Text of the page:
Greetings and farewells in Spanish – Spanish and Go (2023)

Greeting someone in Spanish is so much more than a simple "Hallo" And "Bye." Sure, that's a good start, but it's better to prepare yourself for the variety of phrases you'll hear from native Spanish speakers. What do you do when someone greets you with a "Hello, how are you?" or a "How are you?"

No matter where you go, the locals appreciate it when they see you making an effort to communicate with them. That's why it's important to learn some of the most common ways to say hello and goodbye in Spanish.

Table of contents

    The most common greetings in Spanish

    How to say "Good morning" in Spanish

    "Good morning"is probably one of the easiest Spanish phrases to remember. It can be used as a greeting in the morning or just before noon.

    How to say "Hello" in Spanish

    "Buenas tardes"is another standard Spanish greeting used in all Spanish-speaking countries, meaning "good day". Alternatively, you can simply change this to "Hello good.“

    How to say "What's up" in Spanish

    "What works?"is a very Mexican way of saying, "What's up?" It is used extensively in casual or informal situations between friends. Use this phrase with your friends, close relatives, and those your age or younger. Avoid using this phrase with someone older than you or with people you want to show respect to. It's the equivalent of "What's up?" in English.

    How to say "How are you?" in Spanish.

    "How are you doing?"is the most common greeting afterwards"Hallo"And"Good morning."It's very general and you can use it in pretty much any situation. Use"How are you doing?"with friends and anyone your age or younger. Use "How are you doing?" with someone older than you or someone you want to show more respect to, like your boss, your boyfriend's grandparents, or your girlfriend's parents.

    How to say "How are you?" in Spanish

    "How are you doing?"is also a very general greeting. You can use this with anyone regardless of age or how well you know them as it works for both formal and informal settings. It's a common way of greeting someone, common among natives in Mexico and other Spanish-speaking countries.

    Another way of saying "how are you?" is in Spanish"How are you?"It's almost the same as"How are you doing?"and can be used with friends or anyone your age or younger. When speaking to someone older than you or someone you want to show more respect to, use the formal version."How are you doing?"

    How to say "What's new?" in Spanish

    "What works?"is a very casual and informal expression that you can use with close friends or family members who are your own age or younger. It means "What's new?" and it's generally used when you haven't seen the other person in a while.

    Farewell in Spanish

    How to say "Goodbye" in Spanish

    "Bye"is used as often as "bye" in English, and you can use it in any situation and with anyone. It literally means "To God" (A Dios) in English.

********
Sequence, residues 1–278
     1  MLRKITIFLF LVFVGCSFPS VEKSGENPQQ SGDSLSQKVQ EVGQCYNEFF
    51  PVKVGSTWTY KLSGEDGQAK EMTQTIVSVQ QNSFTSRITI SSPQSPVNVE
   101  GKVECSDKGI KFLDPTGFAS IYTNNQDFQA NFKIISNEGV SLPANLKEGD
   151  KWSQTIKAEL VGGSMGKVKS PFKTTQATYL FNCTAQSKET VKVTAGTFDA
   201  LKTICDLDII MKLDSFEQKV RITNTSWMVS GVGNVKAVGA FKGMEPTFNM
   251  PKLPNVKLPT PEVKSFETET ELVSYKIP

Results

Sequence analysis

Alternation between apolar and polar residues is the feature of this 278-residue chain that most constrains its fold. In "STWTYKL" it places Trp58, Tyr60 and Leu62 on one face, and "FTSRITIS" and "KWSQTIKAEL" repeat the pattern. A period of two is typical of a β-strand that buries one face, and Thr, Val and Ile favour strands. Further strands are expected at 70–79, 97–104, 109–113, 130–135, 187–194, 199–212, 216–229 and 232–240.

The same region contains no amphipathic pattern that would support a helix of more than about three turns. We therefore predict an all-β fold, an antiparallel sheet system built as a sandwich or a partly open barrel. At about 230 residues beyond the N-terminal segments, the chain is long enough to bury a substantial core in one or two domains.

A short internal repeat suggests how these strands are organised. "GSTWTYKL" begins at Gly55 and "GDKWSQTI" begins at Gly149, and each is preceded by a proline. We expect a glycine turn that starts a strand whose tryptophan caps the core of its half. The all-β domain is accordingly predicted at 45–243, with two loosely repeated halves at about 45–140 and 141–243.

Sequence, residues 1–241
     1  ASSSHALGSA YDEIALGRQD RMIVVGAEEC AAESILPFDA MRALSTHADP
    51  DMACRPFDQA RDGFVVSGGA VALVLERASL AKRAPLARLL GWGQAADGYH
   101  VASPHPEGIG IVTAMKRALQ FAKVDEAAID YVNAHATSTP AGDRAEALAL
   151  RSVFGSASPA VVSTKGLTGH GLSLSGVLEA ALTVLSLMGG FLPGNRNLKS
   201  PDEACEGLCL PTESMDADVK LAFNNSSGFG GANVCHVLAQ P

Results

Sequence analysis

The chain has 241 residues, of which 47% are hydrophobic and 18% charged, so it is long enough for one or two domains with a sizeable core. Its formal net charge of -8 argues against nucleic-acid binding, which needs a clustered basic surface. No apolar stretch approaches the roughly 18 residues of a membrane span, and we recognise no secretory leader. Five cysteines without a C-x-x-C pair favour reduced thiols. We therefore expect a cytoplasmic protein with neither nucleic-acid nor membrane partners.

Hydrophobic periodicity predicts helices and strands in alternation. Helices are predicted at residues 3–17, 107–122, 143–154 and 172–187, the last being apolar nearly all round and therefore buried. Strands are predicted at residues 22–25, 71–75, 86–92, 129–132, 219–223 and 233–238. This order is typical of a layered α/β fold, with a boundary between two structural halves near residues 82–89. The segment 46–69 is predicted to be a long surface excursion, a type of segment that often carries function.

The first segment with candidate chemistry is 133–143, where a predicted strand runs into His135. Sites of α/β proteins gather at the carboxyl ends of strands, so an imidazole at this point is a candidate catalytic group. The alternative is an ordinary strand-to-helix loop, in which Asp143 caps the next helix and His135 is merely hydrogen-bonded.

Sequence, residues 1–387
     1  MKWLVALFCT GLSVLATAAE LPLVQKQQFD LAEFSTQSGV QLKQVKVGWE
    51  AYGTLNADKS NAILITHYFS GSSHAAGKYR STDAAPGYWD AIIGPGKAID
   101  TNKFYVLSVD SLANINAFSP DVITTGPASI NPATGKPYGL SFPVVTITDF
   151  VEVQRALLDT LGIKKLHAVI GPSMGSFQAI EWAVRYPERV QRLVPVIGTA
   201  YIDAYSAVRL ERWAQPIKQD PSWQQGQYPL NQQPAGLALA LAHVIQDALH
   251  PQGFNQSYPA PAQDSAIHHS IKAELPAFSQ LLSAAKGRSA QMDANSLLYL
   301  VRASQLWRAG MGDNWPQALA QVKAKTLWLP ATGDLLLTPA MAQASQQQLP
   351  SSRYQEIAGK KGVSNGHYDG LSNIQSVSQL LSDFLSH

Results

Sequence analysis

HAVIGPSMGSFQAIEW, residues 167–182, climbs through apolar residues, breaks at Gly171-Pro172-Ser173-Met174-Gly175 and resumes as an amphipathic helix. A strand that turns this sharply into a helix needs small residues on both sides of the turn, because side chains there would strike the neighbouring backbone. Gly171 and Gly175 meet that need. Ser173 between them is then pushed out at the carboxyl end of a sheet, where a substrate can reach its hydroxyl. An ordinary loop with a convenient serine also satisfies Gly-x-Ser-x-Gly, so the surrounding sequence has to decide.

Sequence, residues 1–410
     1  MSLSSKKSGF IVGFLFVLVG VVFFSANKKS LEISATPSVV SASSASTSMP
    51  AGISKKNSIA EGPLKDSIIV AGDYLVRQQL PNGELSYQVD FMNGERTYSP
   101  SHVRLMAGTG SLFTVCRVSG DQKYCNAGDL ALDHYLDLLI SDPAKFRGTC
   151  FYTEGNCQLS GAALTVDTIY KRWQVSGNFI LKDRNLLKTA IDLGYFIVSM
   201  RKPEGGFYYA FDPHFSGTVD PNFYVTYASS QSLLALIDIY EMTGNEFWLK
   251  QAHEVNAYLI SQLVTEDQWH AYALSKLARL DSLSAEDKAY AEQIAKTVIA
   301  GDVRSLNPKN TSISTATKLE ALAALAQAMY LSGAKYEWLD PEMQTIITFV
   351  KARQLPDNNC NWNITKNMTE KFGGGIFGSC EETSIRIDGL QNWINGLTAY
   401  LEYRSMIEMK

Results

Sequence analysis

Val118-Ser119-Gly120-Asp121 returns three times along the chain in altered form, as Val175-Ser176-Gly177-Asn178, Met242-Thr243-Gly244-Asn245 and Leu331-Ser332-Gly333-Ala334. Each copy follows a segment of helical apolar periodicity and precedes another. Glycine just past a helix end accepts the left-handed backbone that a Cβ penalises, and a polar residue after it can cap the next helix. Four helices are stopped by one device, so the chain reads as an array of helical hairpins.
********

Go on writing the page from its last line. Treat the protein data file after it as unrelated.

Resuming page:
How to say "Take care" in Spanish

    "Take care"for informal and"Watch after"because the formal version is used when talking to someone who is older than you or someone you want to show more respect to. Depending on the context, this phrase can also mean "Be careful."

    How to say "See you later" in Spanish

    "See you later"or"Take care"are two common ways of saying goodbye to someone you are likely to see again at some point in the future. They both mean pretty much the same thing and can be used formally or informally. They mean "see you later" or "see you later".

    How to say "Hello" in Spanish

    "Have a good day"is another ubiquitous phrase meaning "Have a nice day." Use"Have a nice day"for formal settings.

    How to say "I wish you the best" in Spanish

    "Much luck"is also very common, but there is no exact English equivalent. It's like saying, "Have a nice day," but it literally means "I hope you're doing well" or "I wish you all the best." Use this phrase when saying goodbye to someone who is leaving the place you met or when you are both leaving.

    Examples of Spanish conversations with translations

    Read through these scenarios that use the above common Spanish greetings and goodbyes. It's good to have a few Spanish phrases up your sleeve, even if they're just basic ones"Hallo" And"adios."

    Jim:Hello May, what's up?
    May:What works? How are you doing?
    Jim:Good and you?
    May:Watch out too.
    Jim:if you too
    Jim:Take care.

    Jim:Hello May, what's up?
    May:What works? How are you doing?
    Jim:I'm doing well, and you?
    May:Me too. We'll be careful.
    Jim:Yes you also.
    May:Good bye.
    Jim:Take care.

    When someone asks you how you are and instead of saying it you want to ask them back"What works?"or "How are you doing?"you can tell"And you?"This is also a polite way of asking how the other person is doing.

    Jim:Hello, how are you?
    May:Good and you? How are you doing?